D H
Nov 21 · Last update 10 days ago.

Should Euthanasia be legalised?

Euthanasia is the practice of ending someone's life early on compassionate grounds with the intention of the relieving pain of the terminally ill. The practice is legal in relatively few countries and remains a highly controversial and complex ethical issue, that remains difficult to categorise and rationalise, let alone legalise. Should someone’s suffering be minimised towards the end of his or her life? What are the problems with euthanasia? Should it be legal in more countries?
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Yes, but only in certain circumstances
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No

No, it is wrong to kill people; no one can know for sure what will happen in even the gravest of illnesses. The patient themselves do not know if they will become more acclimated to life with their illness overtime and change their mind about ending their life at a later date. Medical professionals have taken an oath to protect life and should not be involved in taking life, doctors should instead concentrate on making terminal patients more comfortable in their time leading up to death without prematurely ending life. For many religious people it is against god’s will, the patient's suffering may be for a reason and the patient risks consequences in the afterlife by ending their life early. For others it is just morally and ethically wrong, and legalising euthanasia could be a slippery slope, where life is taken too easily and people use euthanasia to forego familial responsibility.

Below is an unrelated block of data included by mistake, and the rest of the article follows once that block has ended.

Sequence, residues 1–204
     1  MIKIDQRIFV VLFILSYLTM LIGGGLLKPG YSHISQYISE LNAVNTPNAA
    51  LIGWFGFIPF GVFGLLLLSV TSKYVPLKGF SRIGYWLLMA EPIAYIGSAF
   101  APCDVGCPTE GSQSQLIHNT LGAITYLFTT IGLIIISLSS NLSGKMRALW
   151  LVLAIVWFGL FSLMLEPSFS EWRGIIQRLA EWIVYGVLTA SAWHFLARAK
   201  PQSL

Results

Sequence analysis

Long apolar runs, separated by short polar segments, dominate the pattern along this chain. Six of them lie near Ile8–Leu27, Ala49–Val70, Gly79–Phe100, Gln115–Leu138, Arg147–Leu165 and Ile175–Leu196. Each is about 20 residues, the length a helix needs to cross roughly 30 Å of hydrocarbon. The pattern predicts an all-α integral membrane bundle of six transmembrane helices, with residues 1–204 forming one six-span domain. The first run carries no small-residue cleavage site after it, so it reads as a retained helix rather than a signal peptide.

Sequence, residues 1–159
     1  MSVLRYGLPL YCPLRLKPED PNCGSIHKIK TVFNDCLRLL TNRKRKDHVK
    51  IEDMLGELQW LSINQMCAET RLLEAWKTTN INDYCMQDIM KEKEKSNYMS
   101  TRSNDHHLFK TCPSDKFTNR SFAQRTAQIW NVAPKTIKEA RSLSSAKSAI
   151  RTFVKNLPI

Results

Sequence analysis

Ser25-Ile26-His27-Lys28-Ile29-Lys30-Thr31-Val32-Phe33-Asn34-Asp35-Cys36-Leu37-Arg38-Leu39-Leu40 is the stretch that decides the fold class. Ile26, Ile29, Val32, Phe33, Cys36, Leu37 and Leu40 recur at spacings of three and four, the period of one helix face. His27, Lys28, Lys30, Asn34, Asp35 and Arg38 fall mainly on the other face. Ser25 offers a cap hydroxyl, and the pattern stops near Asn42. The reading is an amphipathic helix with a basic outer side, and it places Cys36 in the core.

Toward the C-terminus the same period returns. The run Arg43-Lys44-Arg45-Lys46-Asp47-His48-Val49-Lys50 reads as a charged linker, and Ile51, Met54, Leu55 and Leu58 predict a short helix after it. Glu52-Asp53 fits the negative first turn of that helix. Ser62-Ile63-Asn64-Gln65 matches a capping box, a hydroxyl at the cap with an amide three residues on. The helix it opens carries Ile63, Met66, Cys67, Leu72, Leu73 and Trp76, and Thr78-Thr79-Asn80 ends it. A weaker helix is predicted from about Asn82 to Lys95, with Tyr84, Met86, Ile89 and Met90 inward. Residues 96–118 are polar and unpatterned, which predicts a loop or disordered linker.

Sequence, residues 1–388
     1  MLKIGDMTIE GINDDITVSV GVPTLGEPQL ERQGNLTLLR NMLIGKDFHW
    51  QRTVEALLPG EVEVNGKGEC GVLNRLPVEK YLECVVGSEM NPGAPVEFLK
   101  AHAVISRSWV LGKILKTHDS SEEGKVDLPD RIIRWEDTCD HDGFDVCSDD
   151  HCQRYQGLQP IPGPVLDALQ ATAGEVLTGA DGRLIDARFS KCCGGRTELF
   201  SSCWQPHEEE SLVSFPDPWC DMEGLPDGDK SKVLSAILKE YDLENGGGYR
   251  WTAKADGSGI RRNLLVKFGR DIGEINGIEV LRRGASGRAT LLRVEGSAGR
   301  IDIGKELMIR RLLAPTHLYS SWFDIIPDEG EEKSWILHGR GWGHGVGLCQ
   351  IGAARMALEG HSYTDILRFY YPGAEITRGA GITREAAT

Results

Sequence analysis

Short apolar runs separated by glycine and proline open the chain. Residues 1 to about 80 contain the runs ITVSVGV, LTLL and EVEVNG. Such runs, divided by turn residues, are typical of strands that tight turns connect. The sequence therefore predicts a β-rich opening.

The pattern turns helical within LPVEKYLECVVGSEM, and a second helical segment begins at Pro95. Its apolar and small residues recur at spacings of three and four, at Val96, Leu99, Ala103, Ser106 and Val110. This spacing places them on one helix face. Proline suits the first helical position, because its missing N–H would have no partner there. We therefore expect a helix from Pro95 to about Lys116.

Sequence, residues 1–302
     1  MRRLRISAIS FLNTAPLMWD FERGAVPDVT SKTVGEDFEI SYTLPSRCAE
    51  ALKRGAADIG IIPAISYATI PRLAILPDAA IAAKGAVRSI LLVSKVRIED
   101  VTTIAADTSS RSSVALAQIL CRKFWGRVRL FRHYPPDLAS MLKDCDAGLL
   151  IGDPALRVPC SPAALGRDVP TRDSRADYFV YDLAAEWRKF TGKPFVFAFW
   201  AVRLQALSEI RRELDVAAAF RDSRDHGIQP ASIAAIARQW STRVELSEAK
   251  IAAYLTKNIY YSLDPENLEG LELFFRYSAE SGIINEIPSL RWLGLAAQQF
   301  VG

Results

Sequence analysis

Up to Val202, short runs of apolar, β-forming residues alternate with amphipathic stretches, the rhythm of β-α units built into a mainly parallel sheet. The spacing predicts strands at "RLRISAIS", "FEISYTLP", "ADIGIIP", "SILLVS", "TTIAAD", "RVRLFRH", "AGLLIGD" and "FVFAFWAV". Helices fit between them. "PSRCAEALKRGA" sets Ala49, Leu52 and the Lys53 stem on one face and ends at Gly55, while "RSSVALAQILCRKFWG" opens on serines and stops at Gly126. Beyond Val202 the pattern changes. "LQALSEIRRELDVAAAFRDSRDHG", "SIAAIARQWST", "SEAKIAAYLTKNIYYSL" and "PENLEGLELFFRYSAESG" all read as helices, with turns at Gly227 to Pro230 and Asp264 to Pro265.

archive.org/details/forcedexitslippe00smit acpjournals.org/doi/10.7326/0003-4819-121-10-199411150-00010 usatoday.com/story/opinion/2015/10/20/california-physician-assisted-suicide-belgium-netherlands-editorials-debates/74296214 nathaniel.org.nz/euthanasia/16-bioethical-issues/bioethics-at-the-end-of-life/300-guest-editorial-the-place-of-elderly-persons-and-our-responsibility-for-care

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D H
Jul 29
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Yes, but only in certain circumstances

Euthanasia is an umbrella term used to describe many, mostly humane, acts of ending someone’s life prematurely, with classifications made between voluntary, involuntary and non-voluntary euthanasia concerning consent, and active and passive concerning the method used. There remains a problem in defining an act of euthanasia and recognising the blurred line between some types of euthanasia and murder, but these moral grey areas shouldn’t make all acts of euthanasia illegal and should instead inform euthanasia legislation. Therefore voluntary euthanasia where a person can consent to their life being ended to ease suffering should be recognised as an ethical good, a personal freedom and should be legal. Just as cases of non-voluntary passive euthanasia where someone is dependent of a life support machine and is unable to consent but only being kept alive by machine is often seen as a difficult but ethical positive, euthanansia should be legal in such certain circumstances.

bbc.co.uk/ethics/euthanasia/overview/problems.shtml

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D H
Nov 21
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